Archaeological Area PDF Print E-mail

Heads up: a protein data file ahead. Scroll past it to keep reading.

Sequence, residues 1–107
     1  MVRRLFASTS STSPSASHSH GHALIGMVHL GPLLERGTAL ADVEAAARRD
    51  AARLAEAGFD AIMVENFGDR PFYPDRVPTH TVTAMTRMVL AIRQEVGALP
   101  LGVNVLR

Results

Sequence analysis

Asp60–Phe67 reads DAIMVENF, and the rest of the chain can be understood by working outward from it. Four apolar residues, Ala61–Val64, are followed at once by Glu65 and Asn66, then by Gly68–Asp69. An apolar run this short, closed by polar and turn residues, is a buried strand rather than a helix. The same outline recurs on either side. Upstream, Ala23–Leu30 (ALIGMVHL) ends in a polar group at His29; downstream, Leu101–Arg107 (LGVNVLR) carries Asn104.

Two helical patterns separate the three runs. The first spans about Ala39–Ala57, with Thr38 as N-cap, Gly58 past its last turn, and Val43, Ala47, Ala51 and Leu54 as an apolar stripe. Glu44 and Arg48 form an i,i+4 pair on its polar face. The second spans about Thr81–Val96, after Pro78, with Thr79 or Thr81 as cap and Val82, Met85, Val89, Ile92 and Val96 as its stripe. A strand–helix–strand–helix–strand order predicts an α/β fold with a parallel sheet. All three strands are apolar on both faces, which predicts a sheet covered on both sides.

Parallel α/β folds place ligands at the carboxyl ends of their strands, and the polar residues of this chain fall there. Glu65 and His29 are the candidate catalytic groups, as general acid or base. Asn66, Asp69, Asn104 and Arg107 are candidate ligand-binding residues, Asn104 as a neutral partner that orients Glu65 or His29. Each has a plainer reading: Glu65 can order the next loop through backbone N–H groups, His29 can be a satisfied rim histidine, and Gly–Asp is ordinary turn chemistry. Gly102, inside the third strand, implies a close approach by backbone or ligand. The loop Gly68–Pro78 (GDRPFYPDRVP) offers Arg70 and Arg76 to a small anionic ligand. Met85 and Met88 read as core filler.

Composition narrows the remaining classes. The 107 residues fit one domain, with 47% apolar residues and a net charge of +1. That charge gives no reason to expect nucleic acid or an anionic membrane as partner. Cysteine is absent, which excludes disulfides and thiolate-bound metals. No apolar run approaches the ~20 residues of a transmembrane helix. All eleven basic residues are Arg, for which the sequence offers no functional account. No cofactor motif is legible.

Under the piazza of the cathedral (Duomo), an archaeological area of over 900 square metres can be seen, in which the most ancient times of the city are revealed. Under the supervision of Veneto’s Superintendence of Archaeological Heritage, the area has been open to the public since 1995. The major part of the preserved remains which can be seen belong to the Roman city of Feltria which, established on a older still settlement of a Retro-Veneto cultural character, in the years after 49 BC became a municipium, i.e. an autonomous administrative centre with a large territory over which the city had jurisdiction. In the urban context of Feltria, a section of a residential and commercial neighbourhood can be seen in the archaeological area, with homes, shops and other buildings which faced each other across two roads: a main paved street, with a wide section, also paved, from where a staircase can be taken to the hill, and a secondary road which turns south. In one of these richly decorated buildings, a seat (schola) of some professional local guilds (dendrophori, fabri and entonarii) has been identified, working in the fields of carpentry, textiles and other craftwork. After the decline and the fall of the Roman city, the area was overtaken by the presence of a large high medieval building, with courts which connected, as far as can be told, with the complex of buildings related to the nearby Episcopal seat – and therefore, also to the realization of a baptistery of a circular design, which is dated to the end of the Eleventh Century and the beginning of the Twelfth Century. In subsequent periods the parvise of the cathedral was used for funerals. Visit the website:
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